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Tropentag 2023, September 20 - 22, Berlin, Germany

"Competing pathways for equitable food systems transformation: trade-offs and synergies."

Entrepreneurial innovation pathways of the Amazonian cocoa chocolate value chain: A success associative story in San Martin, Peru

Jeimy Katherin Feo Mahecha1,2, Jeisson Rodriguez-Valenzuela2

1Technische Universität Dresden, CIPSEM, Germany
2Corporación Colombiana de Investigación Agropecuaria AGROSAVIA, Obonuco Research Center, Colombia


COVID-19 and the Ukraine war have affected the agricultural sector, especially Latin America. These consequences are reflected in higher prices for agricultural inputs due to the rise of the US dollar, instability in the price paid for harvested products, drastic shifts to other economic activities by farmers, and unemployment in rural areas. One case that has become evident in the Peruvian Amazon is the cocoa crisis, which is a crop that has been profitable in recent years for peasant and indigenous communities; however, due to its high dependency and low diversification, as well as the poor innovation in the production schemes, it has had an impact on the family economy of smallholders. Therefore, this study sought to analyse the resilience case of a cocoa bean trading company (ABISEO FOODS SAC) that had to transform its business model to intervene in the entire value chain on a small scale in the Juanjui municipality (San Martin, Peru). The methodology implemented was based on a SWOT analysis of the business model, the assessment of the profitability, and other foresight methods. The results showed that the success factors of this company in facing the current crises were based on the following actions: 1. Organizing a group of thirty-six small cocoa farmers who have distinguished themselves for their commitment and product quality; however, they have not been able to diversify their crops. 2. Train the association of cocoa producers created by this company on issues related to good agricultural practices. 3. To decide not to compete with large cocoa marketing companies, but on the contrary, to transform the best quality cocoa beans into chocolates and different derivatives, launching its brand to access local, regional, national, and international markets. 4. Through the consortium between the company, the producers' association, and other stakeholders agreed to apply for environmental calls with agroforestry projects that promote the conservation of forest resources in the Peruvian Amazon and the sustainable use of its ecosystem services. Finally, the results of this study could be used as a baseline for decision-making to transform food systems into equitable and sustainable pathways.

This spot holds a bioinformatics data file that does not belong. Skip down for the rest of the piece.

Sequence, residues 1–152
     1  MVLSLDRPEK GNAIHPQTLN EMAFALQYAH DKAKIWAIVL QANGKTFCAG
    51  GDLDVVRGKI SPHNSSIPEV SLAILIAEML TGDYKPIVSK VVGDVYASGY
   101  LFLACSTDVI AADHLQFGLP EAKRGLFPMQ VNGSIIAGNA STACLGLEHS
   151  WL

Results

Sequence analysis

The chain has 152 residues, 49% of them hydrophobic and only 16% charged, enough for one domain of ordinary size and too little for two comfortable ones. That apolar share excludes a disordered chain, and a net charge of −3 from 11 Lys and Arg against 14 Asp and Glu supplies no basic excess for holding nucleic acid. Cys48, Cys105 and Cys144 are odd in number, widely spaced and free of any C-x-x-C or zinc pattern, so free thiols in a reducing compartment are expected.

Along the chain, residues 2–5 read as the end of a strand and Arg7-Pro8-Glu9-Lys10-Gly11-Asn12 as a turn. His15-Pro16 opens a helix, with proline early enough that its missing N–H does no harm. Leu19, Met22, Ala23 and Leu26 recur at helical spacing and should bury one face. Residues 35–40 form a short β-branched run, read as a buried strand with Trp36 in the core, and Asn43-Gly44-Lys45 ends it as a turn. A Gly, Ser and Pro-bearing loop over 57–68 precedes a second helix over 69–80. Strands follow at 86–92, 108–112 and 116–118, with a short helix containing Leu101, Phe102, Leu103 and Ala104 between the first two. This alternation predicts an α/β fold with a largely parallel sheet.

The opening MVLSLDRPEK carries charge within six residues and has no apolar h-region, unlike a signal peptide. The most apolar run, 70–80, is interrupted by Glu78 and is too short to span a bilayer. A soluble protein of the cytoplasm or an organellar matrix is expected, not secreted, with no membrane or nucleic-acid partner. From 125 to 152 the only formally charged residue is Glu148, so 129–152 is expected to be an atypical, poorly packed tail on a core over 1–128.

Keywords: Agroindustry, associative Innovation, entrepreneurship, Peruvian Amazon

Contact Address: Jeimy Katherin Feo Mahecha, Technische Universität Dresden, CIPSEM
private address: Cra 34 #17-74 apto 301, 520002 Pasto, Colombia, e-mail: jkatherinfm@gmail.com

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